Researchers with the Canadian Pollination Initiative (NSERC-CANPOLIN) mined numerous insect collections in Canada and the United States looking for information on the distribution and abundance of 21 eastern species of bumble bees. "It is really difficult to know if a species is in trouble unless you have good historical data for comparison. This is the first time data gathered from historical collections has been used to assess the current status of Nearctic bees across their entire native range," says Sheila Colla, a recent PhD graduate from York University who led the study. The study was based on 44,797 bee specimens collected between 1864 and 2009. Researchers used both taxonomic and geographic data found in collection records to measure the persistence and relative abundance of each species across the full range of their distribution. Of the 11 species found to be in decline, four are deemed "vulnerable", six are considered "endangered" and one is "critically endangered".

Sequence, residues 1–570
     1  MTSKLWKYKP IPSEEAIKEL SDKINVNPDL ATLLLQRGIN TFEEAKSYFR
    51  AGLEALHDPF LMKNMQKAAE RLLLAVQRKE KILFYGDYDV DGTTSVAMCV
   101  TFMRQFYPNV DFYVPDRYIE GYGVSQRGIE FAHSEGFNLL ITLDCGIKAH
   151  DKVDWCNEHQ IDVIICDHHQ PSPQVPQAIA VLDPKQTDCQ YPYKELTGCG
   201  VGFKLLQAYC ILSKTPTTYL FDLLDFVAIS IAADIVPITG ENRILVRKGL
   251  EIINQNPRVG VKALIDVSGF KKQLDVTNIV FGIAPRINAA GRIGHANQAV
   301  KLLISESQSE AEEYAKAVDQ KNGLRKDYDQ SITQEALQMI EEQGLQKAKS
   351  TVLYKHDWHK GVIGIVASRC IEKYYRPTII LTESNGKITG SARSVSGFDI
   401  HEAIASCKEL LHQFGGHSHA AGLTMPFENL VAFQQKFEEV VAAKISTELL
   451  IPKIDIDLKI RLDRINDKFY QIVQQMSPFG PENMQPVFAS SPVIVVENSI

Carabid beetles are important functional components of many terrestrial ecosystems. Here, we describe the first long-term, wide-scale and quantitative assessment of temporal changes in UK carabid communities, to inform nationwide management aimed at their conservation. Multivariate and mixed models were used to assess temporal trends over a 15-year period, across eleven sites in the UK Environmental Change Network. Sites covered pasture, field margins, chalk downland, woodland and hedgerows in the lowlands, moorland and pasture in the uplands, and grassland, heaths and bogs in montane locations. We found substantial overall declines in carabid biodiversity. Three-quarters of the species studied declined, half of which were estimated to be undergoing population reductions of > 30%, when averaged over 10-year periods. Declines of this magnitude are recognized to be of conservation concern. They are comparable to those reported for butterflies and moths and increase the evidence base showing that insects are undergoing serious and widespread biodiversity losses.